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Re: Stand Approach

Unread postby publiclandhunter » Sun Mar 07, 2010 2:32 pm

Scott,

I did the same thing and had exactly the same results. I now clear the trail, but make it a point to have a few blowdowns or barricades that I can easily lift out of the way along the route. This helps to deter the deer from using the trail. The other way to handle that is to clear two trails that parallel each other and then use the down-wind trail for your approach and leave the barricades on that one. Deer are routinely lazy and will use the "easy" trail.

PLH
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Re: Stand Approach

Unread postby dan » Mon Mar 08, 2010 1:25 am

I too have noticed the behavior Bridge brought up... I try not to make any trails unless I have to on the public land cause they tend to also get used by other hunters.
Personally I try to practice stealth in my approach, watching each step. Careful foot placement. Doing what I can to minimize slurping muck noise...
But I do occasionally make a trail, or bridge muck/water if I have too....
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Re: Stand Approach

Unread postby Casper » Mon Mar 08, 2010 12:51 pm

Great thread!!

Stand approach should be the most important thing to a hunt. You'll never see the buck you are after if you let him know you are coming before you even get to your tree.
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Re: Stand Approach

Unread postby Singing Bridge » Sat Mar 13, 2010 1:49 pm

Casper wrote:Great thread!!

Stand approach should be the most important thing to a hunt. You'll never see the buck you are after if you let him know you are coming before you even get to your tree.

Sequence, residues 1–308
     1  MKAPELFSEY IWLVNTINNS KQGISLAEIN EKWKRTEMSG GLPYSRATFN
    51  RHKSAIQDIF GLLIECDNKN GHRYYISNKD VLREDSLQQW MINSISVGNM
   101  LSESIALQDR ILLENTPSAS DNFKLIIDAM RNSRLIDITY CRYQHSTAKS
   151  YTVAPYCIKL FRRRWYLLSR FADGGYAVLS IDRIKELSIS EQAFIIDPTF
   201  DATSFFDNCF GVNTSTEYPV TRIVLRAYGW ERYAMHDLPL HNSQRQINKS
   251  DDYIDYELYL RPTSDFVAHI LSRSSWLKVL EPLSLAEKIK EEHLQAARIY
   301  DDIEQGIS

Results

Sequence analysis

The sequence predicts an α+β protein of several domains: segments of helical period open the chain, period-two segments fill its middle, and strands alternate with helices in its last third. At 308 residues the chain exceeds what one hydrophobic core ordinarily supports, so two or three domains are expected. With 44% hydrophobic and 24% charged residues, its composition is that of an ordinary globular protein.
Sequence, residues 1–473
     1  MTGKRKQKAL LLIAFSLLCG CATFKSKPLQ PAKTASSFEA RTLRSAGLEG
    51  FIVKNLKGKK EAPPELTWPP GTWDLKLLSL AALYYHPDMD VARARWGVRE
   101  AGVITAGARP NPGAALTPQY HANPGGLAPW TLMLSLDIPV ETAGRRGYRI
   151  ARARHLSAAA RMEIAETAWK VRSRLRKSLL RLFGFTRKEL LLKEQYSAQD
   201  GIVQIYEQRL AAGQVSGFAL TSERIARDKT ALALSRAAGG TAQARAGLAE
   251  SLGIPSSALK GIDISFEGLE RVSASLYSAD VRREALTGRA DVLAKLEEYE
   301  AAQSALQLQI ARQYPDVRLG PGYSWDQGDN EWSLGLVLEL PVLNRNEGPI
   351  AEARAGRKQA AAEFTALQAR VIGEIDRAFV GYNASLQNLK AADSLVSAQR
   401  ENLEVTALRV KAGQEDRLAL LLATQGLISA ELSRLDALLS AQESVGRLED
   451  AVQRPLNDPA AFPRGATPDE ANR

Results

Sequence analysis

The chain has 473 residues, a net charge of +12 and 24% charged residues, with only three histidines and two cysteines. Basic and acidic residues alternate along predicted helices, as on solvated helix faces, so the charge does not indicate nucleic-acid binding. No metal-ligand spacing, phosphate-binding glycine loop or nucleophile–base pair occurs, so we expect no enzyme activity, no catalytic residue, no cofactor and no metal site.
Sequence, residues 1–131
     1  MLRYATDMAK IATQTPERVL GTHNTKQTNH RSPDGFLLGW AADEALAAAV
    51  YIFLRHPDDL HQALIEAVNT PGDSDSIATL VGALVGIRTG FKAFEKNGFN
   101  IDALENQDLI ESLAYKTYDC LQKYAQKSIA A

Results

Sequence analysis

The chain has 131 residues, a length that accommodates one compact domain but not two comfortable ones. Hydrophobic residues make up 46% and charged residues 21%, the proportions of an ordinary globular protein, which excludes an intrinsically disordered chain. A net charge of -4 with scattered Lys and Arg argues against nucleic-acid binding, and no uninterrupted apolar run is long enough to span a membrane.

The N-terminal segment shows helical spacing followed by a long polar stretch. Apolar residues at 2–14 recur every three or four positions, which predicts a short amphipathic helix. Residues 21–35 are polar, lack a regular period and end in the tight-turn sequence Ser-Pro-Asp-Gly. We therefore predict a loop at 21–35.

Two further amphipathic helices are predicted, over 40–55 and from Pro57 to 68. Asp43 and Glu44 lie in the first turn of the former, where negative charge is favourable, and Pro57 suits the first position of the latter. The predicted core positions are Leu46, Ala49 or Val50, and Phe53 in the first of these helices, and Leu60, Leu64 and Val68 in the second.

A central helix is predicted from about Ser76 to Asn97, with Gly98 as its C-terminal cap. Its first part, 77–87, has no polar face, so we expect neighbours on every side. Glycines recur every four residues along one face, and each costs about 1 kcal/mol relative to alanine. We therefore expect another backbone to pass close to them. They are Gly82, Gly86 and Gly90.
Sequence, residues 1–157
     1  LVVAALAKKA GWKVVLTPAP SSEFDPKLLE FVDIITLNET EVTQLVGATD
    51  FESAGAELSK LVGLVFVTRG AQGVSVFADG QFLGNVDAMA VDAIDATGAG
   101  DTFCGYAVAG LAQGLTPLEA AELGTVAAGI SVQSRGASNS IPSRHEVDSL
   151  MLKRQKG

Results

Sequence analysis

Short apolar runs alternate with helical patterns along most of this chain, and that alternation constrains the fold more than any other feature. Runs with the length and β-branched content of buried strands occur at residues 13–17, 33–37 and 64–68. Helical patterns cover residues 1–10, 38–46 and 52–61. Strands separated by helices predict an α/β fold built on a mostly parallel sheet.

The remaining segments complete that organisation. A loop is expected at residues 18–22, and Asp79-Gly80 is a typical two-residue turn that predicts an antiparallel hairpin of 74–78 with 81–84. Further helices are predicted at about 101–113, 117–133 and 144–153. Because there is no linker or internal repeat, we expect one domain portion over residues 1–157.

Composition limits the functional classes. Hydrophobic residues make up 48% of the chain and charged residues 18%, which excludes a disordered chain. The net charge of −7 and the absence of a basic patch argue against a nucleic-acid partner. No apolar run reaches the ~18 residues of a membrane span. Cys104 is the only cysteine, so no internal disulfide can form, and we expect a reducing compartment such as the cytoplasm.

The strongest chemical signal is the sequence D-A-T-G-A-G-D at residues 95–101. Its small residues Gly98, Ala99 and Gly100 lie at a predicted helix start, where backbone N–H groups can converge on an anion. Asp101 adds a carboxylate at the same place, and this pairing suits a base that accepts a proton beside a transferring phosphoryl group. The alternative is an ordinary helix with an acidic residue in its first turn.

Details make the difference: Stand approach is a BIG deal, and can really make a difference in buck sightings on pressured public land.
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Re: Stand Approach

Unread postby Liberty-Hunt » Sat Mar 13, 2010 8:06 pm

For me too the stand approach are crucial!!!!
I get a little trick for my hunting teacher (when I was more young...souvenir souvenir).
When there are now way to go without making noise, you can bring someone with you (son, family member, friends...) and this person left alone after your installation... The animals will believe the danger are gone...if you stay without any movement of course...
With or deer it's work so why not for withetailed???
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Re: Stand Approach

Unread postby Singing Bridge » Sun Mar 14, 2010 1:08 am

That's a neat trick, Liberty. 8-)

Whitetails are sneaky son of a gun's, and a lot of times after hearing the other hunter leave will wait a while before circling down wind to scent check and clear the area from where the noise came. To adapt to your trick, in farm country some hunters will team up to drive a truck into a field and drop a hunter off at their stand. The deer are many times used to seeing farm trucks and machinery and will let it pass sometimes without scent checking downwind- and the hunter got on stand successfully. This is assuming the buck isn't bedded somewhere that he can watch the hunter climb into his stand.